It’s often said that one of the great things about baseball is that you can show up to the ballpark every day and witness something you’d never seen. Each game presents an opportunity for something new.
Throughout their long history, the Pirates have been able to claim more than their share of Major League “firsts" -- some historic, and some that simply serve as interesting trivia.
Here are some of the Pirates’ most notable Major League “firsts.”
First modern World Series game: Oct. 1, 1903
In Game 1 of the first World Series, the National League-champion Pittsburgh club beat the American League-champion Boston Americans, 7-3, at Huntington Avenue Baseball Grounds in Boston. The best-of-nine series shifted to Pittsburgh for Games 4-7 before Boston clinched the series victory in Game 8.
First baseball game broadcast on the radio: Aug. 5, 1921
The Pirates’ 8-5 victory over the Phillies aired on KDKA in Pittsburgh, with Harold Arlin on the call. Arlin, 25, called the game from a box seat at Forbes Field using a telephone as a microphone.
First team to come back from a 3-1 deficit in a best-of-seven World Series: 1925
Yes, the Pirates stormed back to win Games 5-7 to beat the Washington Senators and capture the franchise’s second World Series championship. They did it again in 1979, overcoming a 3-1 deficit to top the Orioles.
First included in Hall of Fame class: Honus Wagner, 1936
The first five inductees into the National Baseball Hall of Fame were Ty Cobb, Babe Ruth, Christy Mathewson, Walter Johnson and Wagner, who remains the greatest player in franchise history.
First pitcher to take a perfect game into extra innings: Harvey Haddix, 1959
You know the story: Haddix worked 12 perfect innings against the Milwaukee Braves on May 26, 1959, but lost his no-hitter -- and the game -- in the 13th. Pedro Martinez became the second to accomplish this feat, retiring the first 27 hitters he faced against the Padres on June 3, 1995, before giving it up in the 10th.
First team to win a World Series on a walk-off home run: 1960
Bill Mazeroski’s iconic walk-off homer downed the Yankees in Game 7 of the 1960 World Series. It remains the only Game 7 walk-off homer in World Series history; Joe Carter ended the 1993 Fall Classic in Game 6 with a famous walk-off homer of his own.
First Black man to manage in the Majors: Gene Baker, 1963
Frank Robinson is best remembered as the Majors' first African American manager, as he was hired for a full-time managerial role in 1975 with Cleveland. Technically, however, it was Baker, affiliated baseball's first Black manager (Batavia Pirates, 1961) and the Majors’ second Black coach after Buck O’Neil. But on Sept. 21, 1963, after Pirates manager Danny Murtaugh and coach Frank Oceak were ejected, Baker stepped in for an inning and a half, carving out a unique place in history.
First Latino named National League MVP and World Series MVP, and first inducted into the Hall of Fame: Roberto Clemente
Clemente was a pioneer for Latin American players in addition to being an iconic player and a world-class humanitarian. Clemente achieved these firsts in 1966 (NL MVP), ’71 (World Series MVP) and ’73 (Hall of Fame).
First all-minority lineup: Sept. 1, 1971
You probably know the names in this history-making starting nine: Rennie Stennett, Gene Clines, Clemente, Willie Stargell, Manny Sanguillen, Dave Cash, Al Oliver, Jackie Hernandez and Dock Ellis.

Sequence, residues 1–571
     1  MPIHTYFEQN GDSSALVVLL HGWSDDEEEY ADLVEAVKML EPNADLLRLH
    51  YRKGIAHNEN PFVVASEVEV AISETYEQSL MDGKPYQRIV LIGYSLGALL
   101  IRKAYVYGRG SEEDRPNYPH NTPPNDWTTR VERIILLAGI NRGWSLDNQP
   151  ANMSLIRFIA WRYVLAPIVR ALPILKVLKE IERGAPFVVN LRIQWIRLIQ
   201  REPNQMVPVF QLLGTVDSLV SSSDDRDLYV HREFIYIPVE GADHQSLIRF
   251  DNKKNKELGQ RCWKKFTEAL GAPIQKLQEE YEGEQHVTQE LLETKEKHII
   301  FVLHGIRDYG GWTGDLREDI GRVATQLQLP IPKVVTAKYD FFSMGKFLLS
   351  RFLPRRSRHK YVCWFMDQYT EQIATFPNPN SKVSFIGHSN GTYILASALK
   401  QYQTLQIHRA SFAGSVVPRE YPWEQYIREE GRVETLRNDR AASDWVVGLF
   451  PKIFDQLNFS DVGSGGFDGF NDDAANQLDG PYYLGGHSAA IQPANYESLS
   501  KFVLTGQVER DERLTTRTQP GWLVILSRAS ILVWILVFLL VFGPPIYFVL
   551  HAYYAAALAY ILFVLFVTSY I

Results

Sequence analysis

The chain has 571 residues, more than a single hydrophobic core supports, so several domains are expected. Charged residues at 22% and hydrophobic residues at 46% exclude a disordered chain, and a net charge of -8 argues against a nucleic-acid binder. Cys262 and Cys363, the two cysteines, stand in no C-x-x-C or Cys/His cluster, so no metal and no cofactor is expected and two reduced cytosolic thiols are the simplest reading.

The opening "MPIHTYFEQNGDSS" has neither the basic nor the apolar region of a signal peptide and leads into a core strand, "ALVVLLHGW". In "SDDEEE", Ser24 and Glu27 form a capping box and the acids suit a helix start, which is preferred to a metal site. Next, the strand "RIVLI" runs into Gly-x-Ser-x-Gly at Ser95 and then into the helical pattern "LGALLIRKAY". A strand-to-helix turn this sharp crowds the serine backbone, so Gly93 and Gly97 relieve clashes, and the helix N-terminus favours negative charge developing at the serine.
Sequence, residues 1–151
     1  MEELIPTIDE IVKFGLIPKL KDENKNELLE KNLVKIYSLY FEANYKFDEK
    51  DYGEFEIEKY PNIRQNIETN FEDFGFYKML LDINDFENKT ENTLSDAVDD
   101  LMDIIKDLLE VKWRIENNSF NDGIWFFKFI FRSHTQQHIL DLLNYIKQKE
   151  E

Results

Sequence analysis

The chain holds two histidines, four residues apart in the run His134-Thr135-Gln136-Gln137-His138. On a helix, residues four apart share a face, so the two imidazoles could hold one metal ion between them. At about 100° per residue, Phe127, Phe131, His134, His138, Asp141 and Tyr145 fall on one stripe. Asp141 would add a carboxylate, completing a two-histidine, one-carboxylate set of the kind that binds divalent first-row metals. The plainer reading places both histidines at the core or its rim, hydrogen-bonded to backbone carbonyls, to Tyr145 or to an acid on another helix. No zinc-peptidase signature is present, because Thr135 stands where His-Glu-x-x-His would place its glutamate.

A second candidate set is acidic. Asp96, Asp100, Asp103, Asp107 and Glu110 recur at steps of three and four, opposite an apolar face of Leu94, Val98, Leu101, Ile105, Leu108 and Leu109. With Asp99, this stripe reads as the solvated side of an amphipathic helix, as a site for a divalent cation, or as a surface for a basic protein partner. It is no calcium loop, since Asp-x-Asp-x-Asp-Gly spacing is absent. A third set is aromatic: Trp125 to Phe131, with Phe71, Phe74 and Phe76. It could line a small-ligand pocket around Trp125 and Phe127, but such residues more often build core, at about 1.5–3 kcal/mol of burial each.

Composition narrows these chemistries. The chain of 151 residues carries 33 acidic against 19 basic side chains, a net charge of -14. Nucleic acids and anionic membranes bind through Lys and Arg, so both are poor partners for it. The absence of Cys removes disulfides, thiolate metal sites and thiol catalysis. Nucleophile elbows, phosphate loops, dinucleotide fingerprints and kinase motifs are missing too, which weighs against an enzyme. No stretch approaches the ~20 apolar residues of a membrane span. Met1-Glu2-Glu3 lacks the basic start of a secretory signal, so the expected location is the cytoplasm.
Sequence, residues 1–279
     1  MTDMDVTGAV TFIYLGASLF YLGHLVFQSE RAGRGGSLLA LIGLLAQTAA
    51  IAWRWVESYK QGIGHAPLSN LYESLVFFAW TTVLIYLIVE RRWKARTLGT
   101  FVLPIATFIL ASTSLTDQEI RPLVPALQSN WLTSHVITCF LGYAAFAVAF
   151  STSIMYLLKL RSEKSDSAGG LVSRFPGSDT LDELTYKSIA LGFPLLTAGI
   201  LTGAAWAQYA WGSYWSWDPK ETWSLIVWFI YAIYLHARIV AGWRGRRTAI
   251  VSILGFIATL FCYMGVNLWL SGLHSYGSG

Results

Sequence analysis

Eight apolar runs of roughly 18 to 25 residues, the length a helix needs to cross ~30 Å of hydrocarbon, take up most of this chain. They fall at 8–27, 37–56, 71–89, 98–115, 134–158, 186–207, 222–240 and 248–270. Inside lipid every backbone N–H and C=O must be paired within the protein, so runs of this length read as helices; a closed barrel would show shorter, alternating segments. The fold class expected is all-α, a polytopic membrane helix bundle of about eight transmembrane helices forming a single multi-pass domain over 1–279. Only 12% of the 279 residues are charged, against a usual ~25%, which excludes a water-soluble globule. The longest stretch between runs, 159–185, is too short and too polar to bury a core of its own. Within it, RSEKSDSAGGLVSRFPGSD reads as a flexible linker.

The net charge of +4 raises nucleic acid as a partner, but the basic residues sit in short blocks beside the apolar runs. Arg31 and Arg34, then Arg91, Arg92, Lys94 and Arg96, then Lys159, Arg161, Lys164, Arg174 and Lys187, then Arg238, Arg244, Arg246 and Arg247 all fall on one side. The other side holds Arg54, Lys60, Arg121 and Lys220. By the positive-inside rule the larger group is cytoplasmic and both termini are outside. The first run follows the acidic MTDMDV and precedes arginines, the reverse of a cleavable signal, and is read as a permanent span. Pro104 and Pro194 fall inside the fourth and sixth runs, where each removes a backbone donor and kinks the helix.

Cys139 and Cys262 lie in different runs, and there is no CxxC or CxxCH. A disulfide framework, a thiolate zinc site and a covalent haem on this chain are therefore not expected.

First World Series night game: Oct. 13, 1971
Exactly 11 years after Mazeroski hit his historic homer, the Pirates and Orioles took the field under the lights at Three Rivers Stadium for Game 4 of the World Series. Pittsburgh won, 4-3, to even the series at two games apiece.
First combined extra-inning no-hitter: July 12, 1997
Francisco Cordova worked the first nine innings and Ricardo Rincon finished the job in the Pirates’ 3-0 win over the Astros at Three Rivers Stadium.
First Major League organization to sign players from India: 2008
Dinesh Patel and Rinku Singh, participants in the “Million Dollar Arm” reality show, signed with the Pirates and became professional pitchers in the Minors. Patel spent two years in Rookie-level ball. Singh, now a professional wrestler, made it to Class A ball in 2012.
First team to record 20 straight losing seasons: 1993-2012
Hey, not all history is good. The Pirates’ losing streak reached 20 years before they returned to the postseason in 2013, ’14 and ’15.
First 4-5-4 triple play: May 9, 2015
Second baseman Neil Walker snagged a line drive off the bat of Yadier Molina, but rather than step on second to force out Jason Heyward, he fired the ball to third baseman Jung Ho Kang, who touched third base to force out Jhonny Peralta. Kang headed back into the dugout, thinking the inning was over, but his teammates yelled at him to throw the ball back to Walker to complete the oddly historic triple play.
First born-and-raised Lithuanian player in Major League history: Dovydas Neverauskas
The native of Vilnius, Lithuania, debuted in relief for the Pirates on April 24, 2017. He struggled through parts of four seasons in Pittsburgh’s bullpen, but he made history nonetheless.
First African-born player in Major League history: Gift Ngoepe
Born in South Africa and raised inside the Randburg Mets’ clubhouse by his mother, Maureen, Ngoepe signed with the Pirates in 2008 and reached the Majors on April 26, 2017, at PNC Park.
First team to break up a no-hitter in extra innings with a walk-off homer: Aug. 23, 2017
Dodgers lefty Rich Hill carried a perfect game into the ninth inning and a no-hitter into the 10th, then Josh Harrison ended it all with one swing. Hill was the first pitcher since the Pirates’ Lefty Leifield in 1906 to lose a game with at least nine innings pitched, one hit or fewer and zero walks, according to the Elias Sports Bureau.